The Thar Desert, India
I have been to a few deserts in my life, and most recently I was in the Thar desert of India, near Jaisalmer. It was a whirlwind trip from the little western Rajasthan city, one of my favourite cities in India; a city with a beautiful fort, amazing shopping, and a maze of small streets often packed to the hilt with women in bright saris, men in embroidered kurta, and wandering cows and goats. It was only a short drive from there to get to the desert, where we spent an evening riding camels to view the sunset, enjoying a show of (and participating in) traditional music and dance, eating delicious curry, and sleeping in white tents under the stars. The thing about the deserts I’ve been in, though, is that they often get very cold at night, cold enough to require extra layers.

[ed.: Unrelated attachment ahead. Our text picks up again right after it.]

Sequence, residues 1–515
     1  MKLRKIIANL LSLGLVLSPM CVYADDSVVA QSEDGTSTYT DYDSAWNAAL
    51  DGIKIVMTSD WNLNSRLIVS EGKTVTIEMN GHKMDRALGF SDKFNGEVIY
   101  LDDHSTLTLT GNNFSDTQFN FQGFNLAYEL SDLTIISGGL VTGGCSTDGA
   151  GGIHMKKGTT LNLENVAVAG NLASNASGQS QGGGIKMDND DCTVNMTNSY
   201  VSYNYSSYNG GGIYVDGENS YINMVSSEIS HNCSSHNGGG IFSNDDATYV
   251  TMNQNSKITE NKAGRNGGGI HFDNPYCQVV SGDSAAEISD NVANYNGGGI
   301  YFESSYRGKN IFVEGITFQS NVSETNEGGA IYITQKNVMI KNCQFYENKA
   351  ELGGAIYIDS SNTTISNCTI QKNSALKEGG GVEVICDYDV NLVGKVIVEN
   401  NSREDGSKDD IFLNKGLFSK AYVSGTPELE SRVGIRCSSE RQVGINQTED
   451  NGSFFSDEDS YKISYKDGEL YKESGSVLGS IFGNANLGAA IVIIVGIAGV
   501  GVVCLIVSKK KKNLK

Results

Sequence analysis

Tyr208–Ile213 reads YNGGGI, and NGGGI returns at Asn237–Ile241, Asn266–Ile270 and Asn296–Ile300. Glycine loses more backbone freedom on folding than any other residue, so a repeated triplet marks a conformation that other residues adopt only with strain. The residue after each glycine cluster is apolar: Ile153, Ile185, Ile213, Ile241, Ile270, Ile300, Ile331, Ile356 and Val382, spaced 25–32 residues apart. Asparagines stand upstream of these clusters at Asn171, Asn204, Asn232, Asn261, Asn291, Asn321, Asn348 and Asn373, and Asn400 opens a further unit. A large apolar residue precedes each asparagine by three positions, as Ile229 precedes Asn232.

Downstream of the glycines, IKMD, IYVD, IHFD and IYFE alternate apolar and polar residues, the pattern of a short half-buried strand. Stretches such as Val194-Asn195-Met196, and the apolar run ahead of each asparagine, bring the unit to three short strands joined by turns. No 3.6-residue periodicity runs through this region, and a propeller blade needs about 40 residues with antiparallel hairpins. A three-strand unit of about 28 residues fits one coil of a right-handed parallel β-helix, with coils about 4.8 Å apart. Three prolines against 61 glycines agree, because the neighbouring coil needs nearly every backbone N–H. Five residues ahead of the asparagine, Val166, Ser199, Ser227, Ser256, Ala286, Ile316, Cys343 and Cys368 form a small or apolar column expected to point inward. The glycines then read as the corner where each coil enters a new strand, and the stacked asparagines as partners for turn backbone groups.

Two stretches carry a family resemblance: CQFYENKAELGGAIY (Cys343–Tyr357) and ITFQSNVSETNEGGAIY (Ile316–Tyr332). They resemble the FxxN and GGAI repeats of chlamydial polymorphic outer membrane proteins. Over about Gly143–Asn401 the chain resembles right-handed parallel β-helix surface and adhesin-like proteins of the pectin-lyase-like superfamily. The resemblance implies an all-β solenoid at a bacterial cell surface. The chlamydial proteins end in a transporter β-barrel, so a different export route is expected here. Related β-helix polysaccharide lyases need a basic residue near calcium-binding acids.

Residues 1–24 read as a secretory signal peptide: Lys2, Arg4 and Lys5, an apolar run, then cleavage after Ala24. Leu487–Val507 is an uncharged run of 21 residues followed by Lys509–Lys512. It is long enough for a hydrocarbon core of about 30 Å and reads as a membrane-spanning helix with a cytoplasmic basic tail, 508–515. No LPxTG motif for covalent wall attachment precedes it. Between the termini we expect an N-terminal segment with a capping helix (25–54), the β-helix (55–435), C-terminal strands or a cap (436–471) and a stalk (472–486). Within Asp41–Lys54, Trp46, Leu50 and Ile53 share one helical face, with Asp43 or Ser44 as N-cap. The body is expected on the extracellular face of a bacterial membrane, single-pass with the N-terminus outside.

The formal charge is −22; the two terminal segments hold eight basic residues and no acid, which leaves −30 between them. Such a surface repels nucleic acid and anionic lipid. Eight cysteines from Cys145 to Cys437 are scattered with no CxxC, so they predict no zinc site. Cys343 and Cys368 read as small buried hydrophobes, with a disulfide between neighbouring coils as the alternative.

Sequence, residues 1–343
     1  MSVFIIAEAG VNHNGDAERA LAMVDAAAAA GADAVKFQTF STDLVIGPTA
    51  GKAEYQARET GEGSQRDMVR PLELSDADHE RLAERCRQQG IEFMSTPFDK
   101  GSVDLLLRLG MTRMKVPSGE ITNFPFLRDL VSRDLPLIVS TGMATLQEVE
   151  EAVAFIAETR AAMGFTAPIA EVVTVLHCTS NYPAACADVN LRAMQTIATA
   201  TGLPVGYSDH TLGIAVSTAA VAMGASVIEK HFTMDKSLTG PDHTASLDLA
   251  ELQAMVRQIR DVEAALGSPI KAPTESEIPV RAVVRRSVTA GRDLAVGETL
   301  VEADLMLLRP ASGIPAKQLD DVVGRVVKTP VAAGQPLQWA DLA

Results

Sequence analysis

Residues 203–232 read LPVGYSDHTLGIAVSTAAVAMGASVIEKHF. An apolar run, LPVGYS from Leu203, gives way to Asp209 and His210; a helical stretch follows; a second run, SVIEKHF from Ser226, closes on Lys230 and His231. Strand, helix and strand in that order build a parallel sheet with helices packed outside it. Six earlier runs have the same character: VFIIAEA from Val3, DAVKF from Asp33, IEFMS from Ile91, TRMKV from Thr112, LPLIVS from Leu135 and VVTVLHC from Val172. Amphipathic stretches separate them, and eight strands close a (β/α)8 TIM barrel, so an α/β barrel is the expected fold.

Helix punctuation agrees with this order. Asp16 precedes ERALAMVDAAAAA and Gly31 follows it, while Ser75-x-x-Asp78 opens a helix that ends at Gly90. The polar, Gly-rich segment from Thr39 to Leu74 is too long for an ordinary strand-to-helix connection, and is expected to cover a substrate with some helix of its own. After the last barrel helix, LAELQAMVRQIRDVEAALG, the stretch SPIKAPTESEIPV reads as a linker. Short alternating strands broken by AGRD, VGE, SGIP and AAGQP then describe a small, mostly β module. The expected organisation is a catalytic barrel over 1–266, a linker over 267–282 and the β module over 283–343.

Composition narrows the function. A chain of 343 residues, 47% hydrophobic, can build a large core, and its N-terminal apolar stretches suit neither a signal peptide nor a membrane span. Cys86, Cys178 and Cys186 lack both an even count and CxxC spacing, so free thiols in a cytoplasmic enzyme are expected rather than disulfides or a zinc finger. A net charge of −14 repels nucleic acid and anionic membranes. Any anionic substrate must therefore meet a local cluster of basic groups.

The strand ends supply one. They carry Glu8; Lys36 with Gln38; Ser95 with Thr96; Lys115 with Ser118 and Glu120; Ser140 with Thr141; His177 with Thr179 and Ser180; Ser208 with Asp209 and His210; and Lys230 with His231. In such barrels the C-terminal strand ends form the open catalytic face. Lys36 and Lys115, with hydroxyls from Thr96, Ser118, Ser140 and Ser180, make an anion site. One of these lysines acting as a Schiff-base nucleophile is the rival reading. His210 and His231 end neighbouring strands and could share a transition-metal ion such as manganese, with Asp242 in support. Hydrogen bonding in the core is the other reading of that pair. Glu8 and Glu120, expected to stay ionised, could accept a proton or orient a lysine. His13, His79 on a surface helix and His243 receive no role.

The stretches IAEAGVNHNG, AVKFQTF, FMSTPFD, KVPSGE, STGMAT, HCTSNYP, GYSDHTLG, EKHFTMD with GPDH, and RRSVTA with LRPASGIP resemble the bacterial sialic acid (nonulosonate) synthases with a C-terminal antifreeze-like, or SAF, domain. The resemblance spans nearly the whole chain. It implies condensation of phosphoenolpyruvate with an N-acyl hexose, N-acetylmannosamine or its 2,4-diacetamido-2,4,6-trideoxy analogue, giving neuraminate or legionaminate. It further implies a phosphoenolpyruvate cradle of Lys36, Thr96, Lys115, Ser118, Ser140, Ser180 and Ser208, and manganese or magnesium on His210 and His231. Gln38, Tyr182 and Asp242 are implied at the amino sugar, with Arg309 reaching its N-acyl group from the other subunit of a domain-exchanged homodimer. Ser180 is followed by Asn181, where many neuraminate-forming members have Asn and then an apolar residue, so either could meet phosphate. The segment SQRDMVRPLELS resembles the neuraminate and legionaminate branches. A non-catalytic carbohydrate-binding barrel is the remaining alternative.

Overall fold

I’m in another desert now, an American one. I’m staying at my dad’s place in Phoenix, Arizona, and there is no other way to say it: it is ridiculously hot, even at night. The temperature this week has been an average of 46ºC/115ºF; my sister and I have done very little but stay indoors, reading and watching TV. Once in a while we attempt to sit outside by the pool, but that lasts for only about half an hour before we head back inside the house, the air-conditioned haven. Even at night, walking outdoors feels like walking into an oven.
Perhaps I am being a tad over-dramatic, but I simply haven’t experienced this level of heat very often in my life; I can think of only a few places I’ve been that rival this heat. Come to think of it, all of those places were visited in August: Spain, Morocco, Vietnam. Southeast Asia and Japan were definitely hot, but it was the humidity that got me there, not the actual temperature.
On Monday, I’ll be heading to another desert, to the Black Rock desert of northern Nevada. I’ll be there for one week to join in the festivities of Burning Man, to camp and dance and observe and drink and laugh and meet dozens of like-minded people. It will be amazing, I know, and I’m more than willing to take the heat in order to have the experience.